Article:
American Alpine Jounrna and Accidents in North American Climbing

Stranded, Difficult Terrain, Insufficient Research, Alberta, Clemenceau to Chaba River Trek

  • Accident Reports
  • Accident Year:
  • Publication Year: 1998

STRANDED, DIFFICULT TERRAIN, INSUFFICIENT RESEARCH

Alberta, Clemenceau to Chaba River Trek

An experienced party of eleven climbers flew in to the Clemenceau Icefield in August, spent five days climbing and exploring, and then started hiking out north toward the Banff-Jasper Highway. They made excellent progress over glaciated terrain, ending up on the West Chaba Glacier.

Their intent was to follow the West branch of the Chaba river to its confluence with the East Chaba River and thence down to the Athabasca River and out to the highway at Sunwapta Falls resort. However, the West Chaba river cuts a deep gorge below the glacier, and traveling beside or above this gorge is extremely treacherous.

The river was in flood, and crossing the river was out of the question. The group felt that to continue on their route would be unreasonably hazardous, and to backtrack would make any search efforts impossible. They therefore decided to stay put and wait for evacuation.

Due to the number of people in the party, the competent nature of the group, and the duration and complexity of the trip, it was felt by rescuers that being overdue by one day was not unreasonable. As a result, the party was given the better part of a day to hike out before a search was commenced. At 1700 on August 11, a search was started. With help from a detailed route plan provided to the searchers by the party prior to their departure, the rescue party was able to fly over the exact route the climbers intended to take, leading the searchers directly to the stranded group. The group was healthy and happy, but glad to see the helicopter, as they had been waiting at this campsite for three days and their food was getting low. The group was flown out to the highway.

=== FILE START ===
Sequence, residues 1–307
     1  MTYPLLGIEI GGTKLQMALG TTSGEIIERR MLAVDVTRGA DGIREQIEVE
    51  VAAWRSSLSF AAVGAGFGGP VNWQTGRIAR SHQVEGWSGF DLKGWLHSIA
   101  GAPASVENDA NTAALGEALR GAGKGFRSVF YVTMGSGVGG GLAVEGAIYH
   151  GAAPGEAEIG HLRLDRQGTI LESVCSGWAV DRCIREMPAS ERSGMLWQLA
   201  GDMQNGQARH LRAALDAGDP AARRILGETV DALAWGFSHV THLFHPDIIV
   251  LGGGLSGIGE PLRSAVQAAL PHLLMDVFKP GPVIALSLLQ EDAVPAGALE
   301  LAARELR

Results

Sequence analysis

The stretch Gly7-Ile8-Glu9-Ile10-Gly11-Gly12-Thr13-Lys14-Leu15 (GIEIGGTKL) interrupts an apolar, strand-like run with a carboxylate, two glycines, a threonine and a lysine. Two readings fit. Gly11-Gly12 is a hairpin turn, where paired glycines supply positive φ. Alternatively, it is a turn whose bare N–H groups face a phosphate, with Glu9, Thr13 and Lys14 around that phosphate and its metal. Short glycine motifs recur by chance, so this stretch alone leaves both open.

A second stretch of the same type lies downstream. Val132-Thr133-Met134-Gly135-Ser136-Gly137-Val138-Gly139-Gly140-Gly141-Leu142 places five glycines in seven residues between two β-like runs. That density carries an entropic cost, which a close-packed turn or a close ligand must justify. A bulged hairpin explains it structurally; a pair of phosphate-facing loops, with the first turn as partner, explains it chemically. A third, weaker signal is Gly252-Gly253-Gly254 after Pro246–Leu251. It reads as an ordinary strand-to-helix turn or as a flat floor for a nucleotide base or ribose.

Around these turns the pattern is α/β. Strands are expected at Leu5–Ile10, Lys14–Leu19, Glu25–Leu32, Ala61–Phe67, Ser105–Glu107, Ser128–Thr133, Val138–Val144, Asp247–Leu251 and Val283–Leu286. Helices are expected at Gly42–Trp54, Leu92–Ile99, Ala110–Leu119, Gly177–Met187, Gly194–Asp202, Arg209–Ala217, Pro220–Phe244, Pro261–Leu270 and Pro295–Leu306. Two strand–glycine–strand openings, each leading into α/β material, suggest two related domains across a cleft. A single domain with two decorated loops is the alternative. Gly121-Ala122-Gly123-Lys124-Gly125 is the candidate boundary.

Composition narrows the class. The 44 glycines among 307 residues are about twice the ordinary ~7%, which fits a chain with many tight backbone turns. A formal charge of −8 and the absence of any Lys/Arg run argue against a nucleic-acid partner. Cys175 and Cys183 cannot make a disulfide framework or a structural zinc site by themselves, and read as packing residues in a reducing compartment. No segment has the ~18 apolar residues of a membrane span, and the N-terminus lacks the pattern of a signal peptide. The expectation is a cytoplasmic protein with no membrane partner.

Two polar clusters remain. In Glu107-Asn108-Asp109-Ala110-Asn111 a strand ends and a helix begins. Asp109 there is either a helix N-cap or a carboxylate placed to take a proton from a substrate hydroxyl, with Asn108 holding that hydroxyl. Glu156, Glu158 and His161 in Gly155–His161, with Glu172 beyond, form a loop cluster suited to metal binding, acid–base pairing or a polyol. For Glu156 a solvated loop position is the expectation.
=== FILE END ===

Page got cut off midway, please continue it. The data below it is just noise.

Analysis

The group was experienced and the trip leader had done background research on the route. However the information he had received was from a winter perspective. The canyon which blocked their way would be hazardous but navigable in winter, but much more dangerous in summer.

Attempting to negotiate the gorge with this large group would have been unduly dangerous and difficult. Their decision to stop and wait for evacuation was the best they could have made in the circumstances. The group was so appreciative of the evacuation that they offered, and did pay for the helicopter evacuation. The money received from this group has gone directly into enhanced SAR training for public safety wardens. (Source: Parks Canada Warden Service)

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